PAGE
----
The Session #88: Traditional Beer Mixes

The SessionThe first Friday of the month means it’s time again for beer bloggers to participate in The Session, a monthly group exercise where everyone writes about a common theme or topic. This month our theme comes from Boak and Bailey who provide us a most interesting suggestion: Traditional Beer Mixes.

The topic we’ve chosen is traditional beer mixes.

In his 1976 book Beer and Skittles early beer writer Richard Boston lists several:

  • Lightplater – bitter and light ale.
  • Mother-in-law — old and bitter.
  • Granny — old and mild.
  • Boilermaker — brown and mild.
  • Blacksmith –stout and barley wine.
  • Half-and-half – bitter and stout, or bitter and mild.

We’d like you to drink one or more from that list and write about it on Friday 6 June… and that’s it.

We’re deliberately aiming for something broad and accessible, but there is one rule — no ‘beer cocktails’! It’s been done, for starters. So, mix two beers, not four; and steer clear of syrups, spirits, flavourings and crushed ice.

I don’t even have anything pithy or topical to write; I’m familiar with beer mixes—the simplest being the Black and Tan, of course—but frankly it’s not something I’ve bothered with much. I remember once at Kelly’s Olympian in Portland many, many years ago I had a variation of the B&T featuring Guinness and Pyramid Apricot Ale which wasn’t bad at all.

Kentucky Cooper - mix of Kentucky Kolsch and Coopers Best StoutSo I looked at what I had on hand, and decided to mix up equal parts of Kentucky Kölsch (from Alltech’s Lexington Brewing) and Coopers Best Extra Stout. Each beer is a good beer on its own, but mixing the two I decided to dub the result a Kentucky Cooper. Here are my notes about it:

Light bodied, sparkling dry roast that’s pretty much exactly what I’d expect such a blend to yield. It’s easy to drink and feels almost sessionable. Actually, the more I drink and think about it, it reminds me of a Schwarzbier, light, roasty and super drinkable. Not quite the actual lager experience of course—there’s too much “ale” here with the ale characteristics to go full Schwarz. This is definitely something one could drink as a session black ale.

I definitely enjoyed the experiment and the drink. The only problem really was, since it wasn’t a mix I could make on tap… I ended up drinking two beers. Not the worst problem in the world!

Review: 4 beers from Portland Brewing

I haven’t done many beer reviews of late, partially because of the book and partially because I’ve simply fallen behind and haven’t written as many straight-up reviews as I used to. So, I’m killing four birds with one stone here, offering up my notes on the beers that come in the Portland Brewing four-pack (and which they had sent to me awhile back). Two of these are year-round, and two are seasonals (I believe I’ve still seen the four-pack box on shelves too).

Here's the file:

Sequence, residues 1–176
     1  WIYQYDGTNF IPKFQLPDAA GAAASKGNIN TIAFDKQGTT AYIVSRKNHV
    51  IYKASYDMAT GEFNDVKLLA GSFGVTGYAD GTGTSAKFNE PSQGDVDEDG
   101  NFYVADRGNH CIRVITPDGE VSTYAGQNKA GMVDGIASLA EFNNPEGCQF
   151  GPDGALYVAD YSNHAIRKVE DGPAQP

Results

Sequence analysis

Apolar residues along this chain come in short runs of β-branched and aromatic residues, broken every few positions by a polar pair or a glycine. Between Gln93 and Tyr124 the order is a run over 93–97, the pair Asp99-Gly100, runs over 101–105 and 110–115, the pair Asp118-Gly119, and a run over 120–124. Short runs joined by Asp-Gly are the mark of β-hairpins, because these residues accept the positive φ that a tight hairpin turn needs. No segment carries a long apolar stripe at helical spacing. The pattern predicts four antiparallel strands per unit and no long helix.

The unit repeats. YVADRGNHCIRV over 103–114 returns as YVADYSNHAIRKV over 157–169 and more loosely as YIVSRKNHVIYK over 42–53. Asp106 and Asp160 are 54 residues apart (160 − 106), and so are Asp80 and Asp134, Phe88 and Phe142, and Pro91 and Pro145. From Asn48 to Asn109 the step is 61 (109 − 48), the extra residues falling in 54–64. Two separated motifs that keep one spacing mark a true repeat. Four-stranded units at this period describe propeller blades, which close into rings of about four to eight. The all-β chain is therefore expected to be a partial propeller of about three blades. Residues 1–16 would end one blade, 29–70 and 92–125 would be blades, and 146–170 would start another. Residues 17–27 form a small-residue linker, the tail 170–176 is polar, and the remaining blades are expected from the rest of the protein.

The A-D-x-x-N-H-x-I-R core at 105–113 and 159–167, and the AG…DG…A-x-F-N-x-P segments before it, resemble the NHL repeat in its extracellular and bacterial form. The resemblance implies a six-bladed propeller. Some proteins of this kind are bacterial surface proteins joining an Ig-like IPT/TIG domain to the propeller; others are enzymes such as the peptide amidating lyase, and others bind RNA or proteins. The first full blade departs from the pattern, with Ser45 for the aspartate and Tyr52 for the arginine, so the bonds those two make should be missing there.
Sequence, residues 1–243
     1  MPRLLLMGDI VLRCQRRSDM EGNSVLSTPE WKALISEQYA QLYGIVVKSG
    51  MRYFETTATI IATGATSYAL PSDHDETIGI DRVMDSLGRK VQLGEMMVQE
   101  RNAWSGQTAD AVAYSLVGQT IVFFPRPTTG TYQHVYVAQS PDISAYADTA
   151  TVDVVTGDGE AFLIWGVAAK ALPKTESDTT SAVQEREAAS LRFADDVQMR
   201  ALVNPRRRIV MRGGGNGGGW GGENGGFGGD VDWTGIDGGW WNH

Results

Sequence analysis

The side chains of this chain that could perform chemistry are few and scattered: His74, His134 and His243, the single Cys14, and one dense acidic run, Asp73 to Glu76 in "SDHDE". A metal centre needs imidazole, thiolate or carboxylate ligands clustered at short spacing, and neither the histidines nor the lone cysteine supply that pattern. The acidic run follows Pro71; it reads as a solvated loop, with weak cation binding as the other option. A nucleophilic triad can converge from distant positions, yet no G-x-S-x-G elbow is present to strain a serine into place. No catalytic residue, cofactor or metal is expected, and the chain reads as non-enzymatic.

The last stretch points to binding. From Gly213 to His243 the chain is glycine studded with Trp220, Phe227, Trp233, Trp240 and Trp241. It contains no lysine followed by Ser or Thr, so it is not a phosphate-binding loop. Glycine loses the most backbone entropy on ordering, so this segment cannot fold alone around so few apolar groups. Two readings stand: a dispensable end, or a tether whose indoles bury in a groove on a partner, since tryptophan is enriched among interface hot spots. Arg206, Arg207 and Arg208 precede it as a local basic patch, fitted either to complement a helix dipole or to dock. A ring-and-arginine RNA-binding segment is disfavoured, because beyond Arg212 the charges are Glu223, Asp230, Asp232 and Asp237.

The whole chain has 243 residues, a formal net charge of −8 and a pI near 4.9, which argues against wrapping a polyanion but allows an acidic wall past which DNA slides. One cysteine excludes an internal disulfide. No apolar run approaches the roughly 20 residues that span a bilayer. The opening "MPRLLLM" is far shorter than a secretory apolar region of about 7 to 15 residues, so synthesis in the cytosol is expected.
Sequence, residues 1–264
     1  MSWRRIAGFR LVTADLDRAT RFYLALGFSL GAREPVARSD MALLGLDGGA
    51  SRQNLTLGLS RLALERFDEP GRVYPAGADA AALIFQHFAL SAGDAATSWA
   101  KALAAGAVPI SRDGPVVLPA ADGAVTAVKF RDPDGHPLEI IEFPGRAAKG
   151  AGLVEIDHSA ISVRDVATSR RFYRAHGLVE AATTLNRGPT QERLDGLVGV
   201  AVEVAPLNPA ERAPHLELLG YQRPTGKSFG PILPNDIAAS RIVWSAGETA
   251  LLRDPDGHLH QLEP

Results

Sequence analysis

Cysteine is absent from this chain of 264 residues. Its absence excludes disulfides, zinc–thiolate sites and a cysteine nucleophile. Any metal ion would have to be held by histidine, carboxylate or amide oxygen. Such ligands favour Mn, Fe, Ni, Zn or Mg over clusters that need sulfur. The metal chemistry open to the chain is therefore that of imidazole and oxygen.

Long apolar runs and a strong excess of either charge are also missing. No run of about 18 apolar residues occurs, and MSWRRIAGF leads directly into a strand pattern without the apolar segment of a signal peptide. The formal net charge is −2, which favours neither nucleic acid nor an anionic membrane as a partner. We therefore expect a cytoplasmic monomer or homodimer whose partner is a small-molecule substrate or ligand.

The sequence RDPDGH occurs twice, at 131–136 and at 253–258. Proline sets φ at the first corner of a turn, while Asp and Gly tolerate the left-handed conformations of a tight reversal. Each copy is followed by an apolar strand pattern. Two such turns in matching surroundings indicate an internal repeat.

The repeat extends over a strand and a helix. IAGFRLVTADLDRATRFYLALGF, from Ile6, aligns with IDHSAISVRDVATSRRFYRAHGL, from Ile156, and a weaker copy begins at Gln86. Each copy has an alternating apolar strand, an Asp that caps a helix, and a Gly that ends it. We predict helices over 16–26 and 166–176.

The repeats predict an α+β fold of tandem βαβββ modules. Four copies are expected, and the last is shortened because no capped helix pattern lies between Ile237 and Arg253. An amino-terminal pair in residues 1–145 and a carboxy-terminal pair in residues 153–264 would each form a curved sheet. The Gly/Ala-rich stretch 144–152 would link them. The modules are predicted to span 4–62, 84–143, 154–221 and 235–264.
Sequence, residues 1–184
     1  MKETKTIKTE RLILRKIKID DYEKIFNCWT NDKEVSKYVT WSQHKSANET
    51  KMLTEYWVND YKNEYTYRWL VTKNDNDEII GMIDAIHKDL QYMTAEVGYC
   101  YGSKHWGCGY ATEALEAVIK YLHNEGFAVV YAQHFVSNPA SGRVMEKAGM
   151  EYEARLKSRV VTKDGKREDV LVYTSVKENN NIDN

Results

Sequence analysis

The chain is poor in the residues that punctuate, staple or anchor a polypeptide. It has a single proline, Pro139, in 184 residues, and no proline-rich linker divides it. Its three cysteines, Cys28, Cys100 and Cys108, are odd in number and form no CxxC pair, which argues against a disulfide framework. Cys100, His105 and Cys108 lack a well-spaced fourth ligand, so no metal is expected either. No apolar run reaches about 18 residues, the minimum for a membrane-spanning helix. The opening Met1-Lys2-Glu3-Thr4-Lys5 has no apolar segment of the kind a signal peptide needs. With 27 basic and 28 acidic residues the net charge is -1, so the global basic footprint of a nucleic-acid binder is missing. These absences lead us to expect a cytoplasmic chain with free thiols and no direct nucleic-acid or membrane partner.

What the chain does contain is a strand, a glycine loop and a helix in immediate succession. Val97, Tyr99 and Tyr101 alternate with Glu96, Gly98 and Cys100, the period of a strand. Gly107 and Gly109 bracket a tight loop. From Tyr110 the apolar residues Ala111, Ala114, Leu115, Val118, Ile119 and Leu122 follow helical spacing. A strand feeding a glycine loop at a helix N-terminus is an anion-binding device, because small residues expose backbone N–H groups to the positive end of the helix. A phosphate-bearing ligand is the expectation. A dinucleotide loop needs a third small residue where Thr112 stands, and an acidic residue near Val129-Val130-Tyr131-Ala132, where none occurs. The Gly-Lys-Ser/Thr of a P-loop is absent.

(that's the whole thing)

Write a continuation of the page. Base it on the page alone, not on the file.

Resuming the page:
Portland Brewing IPAIPA: 6.5% abv, 70 IBUs. They write:

With a darker golden color and some of the most popular citrusy IPA hops as well as Sterling for a bit of spiciness in the finish, our IPA is hoppy like a Northwest IPA should be. Five different hops and a soft malt backing make for one great, easy-drinking ale.

Appearance: Amber-orange, with a creamy dense  head.

Smell: Nice American hop aroma profile, bright, with biscuity malt notes. Earthy bittering hops come out at the back.

Taste: Malty caramel notes, earthy bitterness up front that lingers on the tongue. A touch of roast balances well with the hops.

Mouthfeel: Medium-bodied with a dry, bitter, lingering finish.

Overall: Nice IPA, malty and drinkable in the “old” Pacific Northwest style. (Is there such a thing as the “old” Pacific Northwest style? Discuss.)

MacTarnahan's Amber AleMacTarnahan’s Amber Ale: 5.1% abv, 32 IBUs. Their flagship beer and best-known brand. They write:

MacTarnahan’s is a deep copper-hued Amber Ale dry-hopped with Cascade hops from the great Northwest. That’s what gives Mac’s its crisp, complex flavor. One taste of our Mac’s Amber Ale and you’ll experience the tradition of a true Portland original. It’s damn good beer.

Appearance: Two fingers of off-white or light tan head over a clear amber body, a bit lighter than brown bottle glass. It looks great.

Smell: Nice subtle hop spiciness punctuates a caramel brown malt base. Mellow and well-balanced. A touch of catty hops?

Taste: Bracing, spicy play of hops over a very clean malt backbone that speaks more to bready, roasty malts than crystal. Dry and clean. A hint of sweeter malts at the back.